SME Recovery Loan Scheme ends today – where does this leave your business?

The SME Recovery Loan Scheme (RLS), which was set up to assist SMEs dealing with the impact of coronavirus, comes to an end today (30th June).

Launched in April 2021, the RLS was set up to replace the previous coronavirus loan schemes: the Bounce Back Loan Scheme, Coronavirus Business Interruption Loan Scheme, and the Coronavirus Large Business Interruption Loan Scheme.

Under the RLS, businesses could apply for a loan worth up to £10 million and the government would guarantee 80% of the finance to the lender. However, those borrowing the money would be liable for 100% of the debt.

Although the scheme was originally scheduled to run until the 31st of December 2021, after a review in the Autumn Budget 2021, it was extended for a further six months with some significant changes. The scheme was limited solely to SMEs with the maximum amount available to businesses lowered to £2 million and the government guarantee reduced to 70%.

Back in October 2021, the British Business Bank announced that more than £1 billion had been offered to smaller businesses via the Recovery Loan Scheme.

As things stand, there is no replacement support plan in place.

New research from the Manx Financial Group also found that over the last couple of years, 22% of SMEs that needed external finance were unable to access it. So, with the RLS coming to an end, accessing necessary funds could soon become even more difficult for SMEs.

Industry reaction

Glenn Collins, (Interim) Head of ACCA UK, believes the ending of the RLS will lead to more uncertain times for small and medium enterprises. He commented: “This coming Thursday 30th June marks the end of the SME Recovery Loan (RLS) Scheme; and with no current replacement support plan in place, it will bring great uncertainty to already strained SMEs – leaving them in the lurch for the foreseeable future.

“Businesses have already experienced significant uncertainty during the pandemic and the government should have learnt from experience that avoidable gaps in support will only result in further economic pressures on the SME sector.

“Our research found that 49% of clients have been put off or have abandoned applying for finance in the past six months. The combination of rising costs of living, inflation and a skills shortage means many businesses are left short on a number of fronts. It’s vital the government doesn’t abandon SMEs and provides the support that is desperately needed for them to survive instead of creating more hurdles to overcome.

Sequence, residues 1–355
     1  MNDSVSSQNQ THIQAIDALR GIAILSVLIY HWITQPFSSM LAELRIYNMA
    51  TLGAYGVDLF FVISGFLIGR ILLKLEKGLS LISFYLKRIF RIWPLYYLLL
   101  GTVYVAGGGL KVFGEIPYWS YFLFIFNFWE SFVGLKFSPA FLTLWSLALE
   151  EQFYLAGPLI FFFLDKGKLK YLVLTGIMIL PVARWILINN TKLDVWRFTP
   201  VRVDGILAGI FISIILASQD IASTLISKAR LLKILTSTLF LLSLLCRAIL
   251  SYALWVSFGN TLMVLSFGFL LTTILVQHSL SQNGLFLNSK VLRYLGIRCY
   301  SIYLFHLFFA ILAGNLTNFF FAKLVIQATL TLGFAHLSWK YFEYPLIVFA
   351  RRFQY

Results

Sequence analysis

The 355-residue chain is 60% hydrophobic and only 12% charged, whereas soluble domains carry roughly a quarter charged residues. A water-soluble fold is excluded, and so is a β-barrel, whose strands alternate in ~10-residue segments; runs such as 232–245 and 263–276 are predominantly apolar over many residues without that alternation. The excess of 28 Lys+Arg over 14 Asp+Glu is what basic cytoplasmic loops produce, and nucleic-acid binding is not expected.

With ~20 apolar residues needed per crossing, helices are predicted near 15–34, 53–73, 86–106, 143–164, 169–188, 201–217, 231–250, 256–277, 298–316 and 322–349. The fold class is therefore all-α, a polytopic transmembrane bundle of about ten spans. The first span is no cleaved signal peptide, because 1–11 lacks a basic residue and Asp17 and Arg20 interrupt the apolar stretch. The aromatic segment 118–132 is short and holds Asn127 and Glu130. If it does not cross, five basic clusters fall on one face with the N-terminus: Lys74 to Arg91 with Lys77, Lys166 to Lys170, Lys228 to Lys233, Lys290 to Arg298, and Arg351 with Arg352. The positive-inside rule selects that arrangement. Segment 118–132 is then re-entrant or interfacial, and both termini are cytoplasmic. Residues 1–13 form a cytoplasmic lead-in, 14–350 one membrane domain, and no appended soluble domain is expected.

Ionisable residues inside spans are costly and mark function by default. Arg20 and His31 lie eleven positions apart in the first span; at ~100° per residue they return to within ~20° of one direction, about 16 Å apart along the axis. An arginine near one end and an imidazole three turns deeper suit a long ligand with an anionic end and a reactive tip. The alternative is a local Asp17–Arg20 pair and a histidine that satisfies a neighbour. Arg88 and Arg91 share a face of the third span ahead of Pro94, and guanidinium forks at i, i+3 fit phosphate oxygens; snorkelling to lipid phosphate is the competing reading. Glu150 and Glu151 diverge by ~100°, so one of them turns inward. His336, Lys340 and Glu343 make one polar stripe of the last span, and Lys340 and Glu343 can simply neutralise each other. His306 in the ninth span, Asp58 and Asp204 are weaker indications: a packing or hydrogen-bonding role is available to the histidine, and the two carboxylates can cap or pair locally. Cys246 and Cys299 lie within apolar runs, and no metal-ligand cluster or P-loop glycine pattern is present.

“Uncertainty of what is coming and when it will be available carries the risk of many businesses waiting rather than planning correctly for the future. SMEs need to make sure they are looking into the wider marketplace or into asset finance as options. It is essential for businesses to act now and not wait for what may eventually be put in place, especially with the increase in the cost of credit.

“Now is, therefore, an important time for businesses to have the knowledge of access and avoid sitting on their hands.”

Kirsty McGregor, Founder of The Corporate Finance Network, calls for more support from the government. She said: “The cost of living crisis coupled with existing pressures from the turbulence of the pandemic have put a further strain on already struggling small businesses in the UK. With the existing SME Recovery Loan (RLS) Scheme coming to an end this Thursday, it’s crucial the government confirms upcoming support for SMEs sooner rather than later.

“SMEs are the backbone of our economy and without further support and initiatives, they risk being left behind. Already we are seeing in our research that one in five SMEs are planning to put growth on hold due to existing levels of debt and other financial pressures, which is alarming for the short and long-term future of this vital sector of the economy.

“The British Business Bank knew that their scheme was ending on 30th June. There are rumours of a further scheme but this has not yet been announced and lenders are not able to become accredited to provide a product for this scheme. There is no excuse for a gap in provision. Why has this not been resolved well in advance of the deadline, so that the new scheme continued from 1st July?

“When the first Covid-19 scheme was announced in March 2020, there were clear failings in the rollout and it was only due to our startling research showing how many businesses were running out of cash that the British Business Bank put in other measures to speed up approvals from lenders and subsequently also introduced the Bounce Back Loan. Since that date, 1.67 million businesses have utilised the various schemes and in their own report, the British Business Bank state that, had those schemes not been in place, up to 500,000 would have closed down.

“And yet it appears that the British Business Bank has still not learnt lessons from that period and is once again going to allow these schemes to lapse whilst they create a new scheme. This demonstrates inefficiencies in the extreme and a total lack of strategic leadership.

“Alongside continued support businesses need to ensure that they are actively exploring the options available to them and the government needs to ensure that these options are being made readily available for businesses who need them. Without this, we risk the future of the UK economy.”

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